The Acunas, a rich Argentine family, have the tradition that the daughters have to get married in order, oldest first. When sister #1 gets married, sisters #3 and #4 put pressure on Maria, ...
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Jed Potter looks back on a love triangle conducted over the course of years and between musical numbers. Dancer Jed loves showgirl Mary, who loves compulsive nightclub-opener Johnny, who ... See full summary »
The Acunas, a rich Argentine family, have the tradition that the daughters have to get married in order, oldest first. When sister #1 gets married, sisters #3 and #4 put pressure on Maria, sister #2, because they have their husbands picked out already. But Maria hasn't yet met a man she likes. Eduardo Acuna, believing that men aren't romantic enough these days, sends his daughter flowers and anonymous love letters, creating a "mystery man" for her to fall in love with. He intends to pick out an appropriate beau for her later, to fill the role. But Robert Davis, an American dancer looking for work, stumbles into the picture. Maria falls for him, but the father does not approve. Written by
John Oswalt <email@example.com>
Rita Hayworth was Fred Astaire favorite dance partner. See more »
Four boys enter Mr. Acuña's house with flowers and notes from Robert to Maria. The second to enter has his left arm hanging. In the next shot, when they are seen side by side, all of them are holding the flowers with their both hands. See more »
Okay, it's not Tosca. But holy smoke, what an efflorescence of talented song writers and lyricists the American stage produced in the thirty years between 1925 and 1955! Irving Berlin, George and Ira Gershwin, Yip Harburg, Johnny Mercer, Jerome Kern, Cole Porter, the list goes on. And the songs! From Astaire's films alone, we have Orchids in the Moonlight, The Carioca, Let's Face the Music and Dance, Yesterdays, Smoke Gets in Your Eyes, Cheek to Cheek, The Way You Look Tonight, A Fine Romance, They All Laughed, Let's Call the Whole Thing off ("You say tomato, I say tomahto..."), They Can't Take That Away From Me. That's a handful of the more familiar numbers from the first films Astaire made with Ginger Rogers.
"You Were Never Lovelier" has melodies by Jerome Kern and lyrics by Johnny Mercer. Ginger isn't here, but Rita Hayworth is. Her beauty is undeniable. She'd undergone hair removal and Hollywood glamorization by this time and in a few years a pin-up pic of her was to be pasted onto a famous bomb. I missed Astaire's earlier movies. By the time I was old enough, Gene Kelly dominated the screen. I saw Astaire in his later films and didn't like him nearly as much as Kelly. Kelly's background was in athletics. He was masculine and muscular and working class. Astaire's background was in ballroom dancing. How can an adolescent identify with a skinny balding narrow-shouldered dancer in a tuxedo who doesn't swing from ropes? But there's no longer much doubt in most peoples' minds, including mine, that Astaire was by far the better dancer, Kelly's charm notwithstanding. Astaire was elegant and precise and his dance steps were varied; Kelly seemed to repeat his leg-over-leg jumps over and over in each number.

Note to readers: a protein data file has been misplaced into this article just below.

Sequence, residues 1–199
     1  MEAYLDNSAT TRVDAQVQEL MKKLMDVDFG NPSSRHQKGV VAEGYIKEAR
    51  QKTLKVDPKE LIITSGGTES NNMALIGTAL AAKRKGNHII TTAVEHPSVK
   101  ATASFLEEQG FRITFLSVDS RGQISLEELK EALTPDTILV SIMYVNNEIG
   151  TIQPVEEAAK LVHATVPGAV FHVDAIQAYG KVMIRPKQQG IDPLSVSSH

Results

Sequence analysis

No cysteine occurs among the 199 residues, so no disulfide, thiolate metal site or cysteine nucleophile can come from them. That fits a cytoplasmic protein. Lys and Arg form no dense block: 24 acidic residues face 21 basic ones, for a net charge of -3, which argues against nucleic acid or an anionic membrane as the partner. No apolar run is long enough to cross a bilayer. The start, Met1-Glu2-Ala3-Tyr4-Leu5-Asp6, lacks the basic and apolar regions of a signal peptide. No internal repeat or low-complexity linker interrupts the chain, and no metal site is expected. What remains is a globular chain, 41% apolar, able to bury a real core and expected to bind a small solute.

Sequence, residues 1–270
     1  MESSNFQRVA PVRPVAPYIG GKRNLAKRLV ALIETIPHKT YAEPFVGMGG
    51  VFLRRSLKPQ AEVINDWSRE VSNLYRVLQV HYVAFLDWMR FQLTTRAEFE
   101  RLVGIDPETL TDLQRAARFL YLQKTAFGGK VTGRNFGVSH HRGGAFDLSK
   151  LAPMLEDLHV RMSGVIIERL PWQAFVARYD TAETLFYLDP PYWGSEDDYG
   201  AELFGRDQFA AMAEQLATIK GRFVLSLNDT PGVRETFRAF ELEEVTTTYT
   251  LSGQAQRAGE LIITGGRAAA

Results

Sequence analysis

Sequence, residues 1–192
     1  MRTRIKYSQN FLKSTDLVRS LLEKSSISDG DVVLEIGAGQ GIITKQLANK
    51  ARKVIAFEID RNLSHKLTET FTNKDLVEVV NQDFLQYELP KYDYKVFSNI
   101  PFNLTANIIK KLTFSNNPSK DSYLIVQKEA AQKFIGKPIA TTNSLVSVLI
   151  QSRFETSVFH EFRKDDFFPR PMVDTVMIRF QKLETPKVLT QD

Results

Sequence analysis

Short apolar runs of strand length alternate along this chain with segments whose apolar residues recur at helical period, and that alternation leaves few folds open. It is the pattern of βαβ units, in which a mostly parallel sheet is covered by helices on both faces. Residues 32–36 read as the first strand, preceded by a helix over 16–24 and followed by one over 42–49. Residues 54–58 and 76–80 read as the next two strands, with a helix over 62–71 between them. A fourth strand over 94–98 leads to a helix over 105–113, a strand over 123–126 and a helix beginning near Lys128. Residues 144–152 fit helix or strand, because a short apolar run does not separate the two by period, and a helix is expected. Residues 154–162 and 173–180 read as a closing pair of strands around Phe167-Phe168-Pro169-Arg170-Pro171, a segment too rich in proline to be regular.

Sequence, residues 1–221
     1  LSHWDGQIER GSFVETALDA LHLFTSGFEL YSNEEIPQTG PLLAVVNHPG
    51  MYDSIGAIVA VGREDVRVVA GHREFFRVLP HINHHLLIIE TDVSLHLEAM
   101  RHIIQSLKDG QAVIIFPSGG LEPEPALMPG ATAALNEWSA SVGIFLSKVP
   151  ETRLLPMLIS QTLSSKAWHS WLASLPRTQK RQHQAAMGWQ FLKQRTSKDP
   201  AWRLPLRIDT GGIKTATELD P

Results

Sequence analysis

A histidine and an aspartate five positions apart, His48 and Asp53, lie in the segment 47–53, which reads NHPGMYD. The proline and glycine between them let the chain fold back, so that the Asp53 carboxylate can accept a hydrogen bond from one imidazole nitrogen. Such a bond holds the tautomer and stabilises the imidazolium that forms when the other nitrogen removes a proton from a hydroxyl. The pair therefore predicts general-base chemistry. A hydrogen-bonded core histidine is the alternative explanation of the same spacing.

At any rate, the plot of "You Were Never Lovelier" is rather original for an Astaire musical. I don't think it goes farther back in history than Aristophanes. It's a complicated business involving mistaken identities, an interfering father, and whatnot. But it doesn't matter, because the numbers are what counts. Kern and Mercer provide two songs that have become standards: "Dearly Beloved" and "I'm Old Fashioned." Anyone who wants to see the Hollywood musical at its best would be advised to listen to either song and to watch the dancing during "I'm Old Fashioned." "Dearly Beloved" occurs throughout the film as a kind of theme, and is sung once by Astaire and once by Hayworth, but is never accompanied by a dance. There are other songs too, of course, although none enchants the way these two ballads do. One of the numbers is "The Shorty George." Astaire's movies often had references to a new popular dance craze -- The Carioca, The Yam, the Sluefoot -- and this is an instance of that tendency. It was named after a real dancer, George Snowden, a dancer at the Savoy Ballroom in Harlem, known as "Shorty." If "I'm Old Fashioned" has a swooping grace, "The Shorty George" includes sections set at a blistering tempo and demonstrates Rita Hayworth's energy and range as a dancer.
Speaking of energy, how do they do it? "I'm Old Fashioned", like most of Astaire's numbers, consists of very long takes in medium distance that depend on both precision and physical stamina. (If you want to see an example of the opposite, watch Travolta do his final number in "Staying Alive.") I counted three cuts during the entire dance, which lasts four minutes and thirty-seven seconds. I'd have a heart attack after the first thirty-seven seconds.
Well, okay. It's not Fred and Ginger. It's not even Tosca. But if you want to watch two people engaged in the unpretentious exercise of a physical skill acquired only with the utmost difficulty, this one shouldn't be missed.
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